Icelandic Horse Connection

Saddle Fitting and Icelandic Saddles

Dave Genadek's Saddle Fitting Video
Liz Graves' Videos
(Gathering of Gaits, and Icelandic Horse Gathering)
contain saddle fitting information.

Valuable tools to study BEFORE buying a saddle!

We are ecstatically happy that more and more Icelandic Horse owners are concerned with obtaining good saddle fit as a number one priority for their horse!

When Icelandic Horses were first introduced into North America, it was assumed that they needed "icelandic" saddles. Over the years, it has been found that the icelandic saddles may not be the best fitting saddles, and may be uncomfortable for the Icelandic Horse.

How can this be?

Iceland is a very small country, and has been isolated for many years, therefore not quite up to date on technological advances in saddle fitting and equine biomechanics.

It has been found that the saddles tend to sit the rider over the weaker part of the horse's back (behind the rider's groove), are narrow in the front, and do not allow for good shoulder movement. Saddles that are narrow in the front, and that have extended panels that dig into the loins force the horse to take a ventroflexed (hollow) frame.

These types of saddles are referred to as the D & P (dig and pinch) saddles.

Fitting the pony, who may have a shorter back than a regular sized horse, is a delicate balancing act! We need to have a saddle with enough room for the withers, shoulder room, and yet not set back on the back.

Icelanders and Europeans tend to set the traditional saddle further back to free up the shoulder movement rather than making a saddle that "allows" for shoulder movement. They also believe, incorrectly, that the rider "should" sit on the back of the saddle.

Several years ago, it was unheard of to even think of riding an Icelandic Horse in other than an "icelandic" saddle. We started submitting saddle fitting information to the Icelandic Horse email discussion list, along with options for other saddles such as the Wintec, Bob Marshall Sports Saddle (treeless), Balanced Ride saddles, Free n Easy flex tree saddle, etc. And we now have many horses who have found relief with better fitting saddles.

Les Spark, of Free n Easy, has some great saddle fitting information on his website and graciously allowed us to post that information to the email discussion list. Two of the endurance horses recently switched to the Free n Easy and are, according to their owner, running faster and tolting better.

Other owners, myself included, have the treeless saddle which has allowed our horses to have freedom of movement and better gaits.

Neither of these saddles are for every horse. The point is to find a saddle that fits the horse, fits the rider, fits the discipline. If you aren't competition riding, no sense in having an ill-fitting saddle just because it's "icelandic".

We are SO grateful to the Icelandic Horse owners / breeders / trainers who have stepped outside of the box and considered their horse first and foremost, read the submitted saddle fitting information, and took a chance of being "different".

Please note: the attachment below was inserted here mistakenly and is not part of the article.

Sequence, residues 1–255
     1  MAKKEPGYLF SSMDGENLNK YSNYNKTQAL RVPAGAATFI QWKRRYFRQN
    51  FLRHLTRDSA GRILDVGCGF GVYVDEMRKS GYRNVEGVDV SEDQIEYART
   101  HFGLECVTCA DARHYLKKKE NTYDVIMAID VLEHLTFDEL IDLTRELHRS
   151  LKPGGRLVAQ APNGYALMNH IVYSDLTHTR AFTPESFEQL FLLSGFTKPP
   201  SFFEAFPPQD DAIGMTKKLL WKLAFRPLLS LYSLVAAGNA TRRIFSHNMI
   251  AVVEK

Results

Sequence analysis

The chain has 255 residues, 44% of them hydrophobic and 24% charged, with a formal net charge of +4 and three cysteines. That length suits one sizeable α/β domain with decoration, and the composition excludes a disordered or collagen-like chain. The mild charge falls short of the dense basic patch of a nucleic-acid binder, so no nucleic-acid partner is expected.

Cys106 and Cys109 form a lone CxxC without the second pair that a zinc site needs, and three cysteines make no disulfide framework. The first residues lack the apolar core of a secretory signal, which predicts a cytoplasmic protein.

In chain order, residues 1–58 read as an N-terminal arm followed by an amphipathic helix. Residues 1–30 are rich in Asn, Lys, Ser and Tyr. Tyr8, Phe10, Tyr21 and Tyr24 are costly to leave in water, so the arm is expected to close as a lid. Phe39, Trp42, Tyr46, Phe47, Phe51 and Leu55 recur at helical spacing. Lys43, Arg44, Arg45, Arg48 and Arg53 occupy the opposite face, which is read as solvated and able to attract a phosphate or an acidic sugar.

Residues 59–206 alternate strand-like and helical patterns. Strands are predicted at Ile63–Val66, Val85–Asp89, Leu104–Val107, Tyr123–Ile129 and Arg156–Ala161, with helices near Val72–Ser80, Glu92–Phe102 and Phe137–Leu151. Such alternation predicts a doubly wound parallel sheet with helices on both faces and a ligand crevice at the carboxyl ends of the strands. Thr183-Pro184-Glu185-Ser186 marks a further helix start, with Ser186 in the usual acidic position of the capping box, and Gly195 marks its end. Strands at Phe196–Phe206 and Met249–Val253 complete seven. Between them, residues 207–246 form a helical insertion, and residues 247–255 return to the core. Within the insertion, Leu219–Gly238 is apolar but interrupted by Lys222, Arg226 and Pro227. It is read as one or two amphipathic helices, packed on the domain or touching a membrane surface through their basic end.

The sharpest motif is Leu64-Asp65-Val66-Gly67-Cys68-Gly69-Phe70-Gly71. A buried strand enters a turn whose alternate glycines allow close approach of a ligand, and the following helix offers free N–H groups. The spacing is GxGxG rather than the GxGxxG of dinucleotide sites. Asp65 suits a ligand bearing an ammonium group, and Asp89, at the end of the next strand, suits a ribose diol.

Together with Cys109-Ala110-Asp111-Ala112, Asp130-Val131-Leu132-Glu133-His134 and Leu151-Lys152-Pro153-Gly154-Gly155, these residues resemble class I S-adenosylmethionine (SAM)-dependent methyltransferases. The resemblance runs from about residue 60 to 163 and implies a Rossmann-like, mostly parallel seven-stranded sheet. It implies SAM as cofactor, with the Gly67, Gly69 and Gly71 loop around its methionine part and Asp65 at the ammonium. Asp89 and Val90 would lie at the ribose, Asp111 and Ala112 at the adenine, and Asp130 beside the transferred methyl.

We have tested several types of saddles on Icelandic Horses (as well as other gaited breeds). Pictures can be located:

[] Sensation

[] Bob Marshall Sports Saddle

[] Barefoot Saddle

[] Ansur Saddle

[] Cashel Soft Saddle

[] Treeless Saddles

[] Trapezius

The general concensus several years ago was that people liked the Bob Marshall Sports Saddle along with a Skito Pad (for the air channel for the spine clearance). Now the Sensation is becoming very popular with Icelandic Horse owners.

Thanks all!


"An Officer's Notes" by Captain R.M. Parker (U.S. Cavalry), published in 1917:

Fitting The Saddle

There are six axioms in saddle fitting:

(a) The withers must not be pinched or pressed upon

(b) The central line of the back must have no pressure put upon it

(c) The shoulder blades must have full and unhampered movement

(d) The loins must not carry weight

(e) The weight must be put upon the ribs through the medium of the muscles covering them

(f) The weight must be evenly distributed over a surface which extends from the play of the shoulders to the last true rib.


Problems with Using (Icelandic) Saddles with Extended Panels

The saddles that have extended panels (either "Icelandic" or "Gaited" horse saddles) dig into the horse's loins... not a good thing! These saddles became popular before it was understood about how they worked and the damage they can do. Avoid these saddles, or they may cause behavior problems, an unwillingness to work, or unsoundness in your horse.


Most American Icelandic Horse owners have gotten away from using the icelandic saddle due to poor fit and back problems caused to the horse. Their alternative choices have been anything from English to Aussie to Western to treeless saddles to flexible tree saddles.

The first thing to do to fit an Icelandic Horse is to understand saddle fitting. More information about saddle fit can be found on the IceHorses Email List archives.

The best saddle for the Icelandic Horse is one that fits well, first of all; secondarily, one that fits the rider and the discipline.

Icelandic Horse with Treeless Bob Marshall Saddle

Icelandic Horse with Treeless Bob Marshall Saddle
Bob Marshall Treeless Endurance

Icelandic Horse with Treeless Bob Marshall Saddle
Bob Marshall Trail Model with Horn

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